Branded after the hugely successful six-part BBC documentary series which aired back in the late 1990s, Walking with Dinosaurs – The Movie (2013) is a live action/CGI hybrid from co-directors Neil Nightingale and Barry Cook, and is released this week on DVD and Blu-ray. It’s without doubt technically impressive, featuring some of the most visually lifelike dinosaurs since Jurassic Park (1993). And yet it’s botched spectacularly by a paper-thin script and some laughably silly voiceover work from actors as Justin Long and John Leguizamo (of Ice Age fame). We follow the story of the adorably named Patchi (Long), born at the end of the Cretaceous period as the runt of a Pachyrhinosaurus litter.
Patchi is young and feeble, unlike his meaner older brother Scowler (voiced by Skyler Stone), who’s also the apple of their father’s eye. However, when Patchi crosses paths with Juniper (Tiya Sircar), a female from another herd, he discovers renewed purpose and embarks upon his first migration naively, unknowing of the dangerous challenges he’ll have to face in order to ensure his survival. Narrated by an Alexornis called Alex (Leguizamo) and bookended by two scenes featuring Ricky (Charlie Rowe) accompanying his enthusiastic palaeontologist uncle (Karl Urban) to an excavation sight, Walking with Dinosaurs is a daft, 90-minute long docudrama about an anthropomorphic young dinosaur overcoming his fear of the world. By now, you should already know whether this is the dino movie for you.
At its worst, however, this is both a run-of-the-mill nature doc and even a patronising put-down to its target market of little ones looking for an awe-inspiring tale of adventure. The spectacle of the film comes purely from the visuals which, considering how irritating the voiceover and timid story become after little more than five minutes, is a triumph in itself. Cook, Nightingale and their animator have clearly put a lot of time and effort into realising the film’s scaly stars, and there’s a true sense of amazement when the camera and narrative focuses on them and nothing else: for example, a scene illustrating how meticulous Gorgosaurs are about hunting their prey is tense and spectacular to watch unfold.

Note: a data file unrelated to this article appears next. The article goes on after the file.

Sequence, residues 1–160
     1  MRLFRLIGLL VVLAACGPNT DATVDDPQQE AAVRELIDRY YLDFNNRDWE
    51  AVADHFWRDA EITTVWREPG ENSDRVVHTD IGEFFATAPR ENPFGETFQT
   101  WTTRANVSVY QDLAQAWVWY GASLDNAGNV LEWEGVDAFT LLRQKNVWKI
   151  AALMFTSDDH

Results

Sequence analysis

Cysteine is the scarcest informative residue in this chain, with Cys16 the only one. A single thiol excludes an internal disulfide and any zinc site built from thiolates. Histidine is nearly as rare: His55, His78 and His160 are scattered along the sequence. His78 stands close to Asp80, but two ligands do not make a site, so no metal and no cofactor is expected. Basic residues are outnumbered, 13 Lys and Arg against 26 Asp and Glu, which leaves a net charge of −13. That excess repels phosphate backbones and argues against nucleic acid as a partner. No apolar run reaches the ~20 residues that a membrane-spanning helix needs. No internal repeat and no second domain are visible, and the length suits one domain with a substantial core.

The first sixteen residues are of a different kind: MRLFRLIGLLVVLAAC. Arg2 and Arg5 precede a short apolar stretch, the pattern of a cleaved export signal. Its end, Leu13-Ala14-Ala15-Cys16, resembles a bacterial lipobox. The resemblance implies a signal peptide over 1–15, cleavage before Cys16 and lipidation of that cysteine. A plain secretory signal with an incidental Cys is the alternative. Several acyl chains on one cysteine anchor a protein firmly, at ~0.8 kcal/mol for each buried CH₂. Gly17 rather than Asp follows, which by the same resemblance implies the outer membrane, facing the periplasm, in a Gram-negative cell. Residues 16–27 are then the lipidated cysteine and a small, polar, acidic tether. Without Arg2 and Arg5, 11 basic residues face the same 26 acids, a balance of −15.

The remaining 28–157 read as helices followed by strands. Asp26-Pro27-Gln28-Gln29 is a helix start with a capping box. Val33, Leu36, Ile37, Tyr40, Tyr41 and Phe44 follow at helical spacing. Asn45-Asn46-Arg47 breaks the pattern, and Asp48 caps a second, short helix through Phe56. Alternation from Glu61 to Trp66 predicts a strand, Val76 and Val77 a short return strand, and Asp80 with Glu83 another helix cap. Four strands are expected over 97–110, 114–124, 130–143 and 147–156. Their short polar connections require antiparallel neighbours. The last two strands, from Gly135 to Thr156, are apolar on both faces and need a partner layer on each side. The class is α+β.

Unfortunately, there’s almost no time allowed whatsoever to truly bask in the sheer wonderment the animation department have put on screen without Patchi making – whether intentional or not – a crude remark about the distinctive hole in his frill. It’s a shame, as had the voiceover been left out like initially planned in favour of more educational narration, Walking with Dinosaurs – The Movie could have been a decently made and informative documentary about our planet’s long-departed terrible lizards. As it is, however, Cook and Nightingale’s kiddie flick is an uneasy, innocuous and easily avoidable anomaly.